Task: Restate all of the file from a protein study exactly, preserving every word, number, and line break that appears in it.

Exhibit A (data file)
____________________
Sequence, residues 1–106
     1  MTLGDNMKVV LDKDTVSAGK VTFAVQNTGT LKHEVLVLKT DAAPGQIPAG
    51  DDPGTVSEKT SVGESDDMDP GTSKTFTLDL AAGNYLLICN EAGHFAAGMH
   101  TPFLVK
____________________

Sequence, residues 1–106
     1  MTLGDNMKVV LDKDTVSAGK VTFAVQNTGT LKHEVLVLKT DAAPGQIPAG
    51  DDPGTVSEKT SVGESDDMDP GTSKTFTLDL AAGNYLLICN EAGHFAAGMH
   101  TPFLVK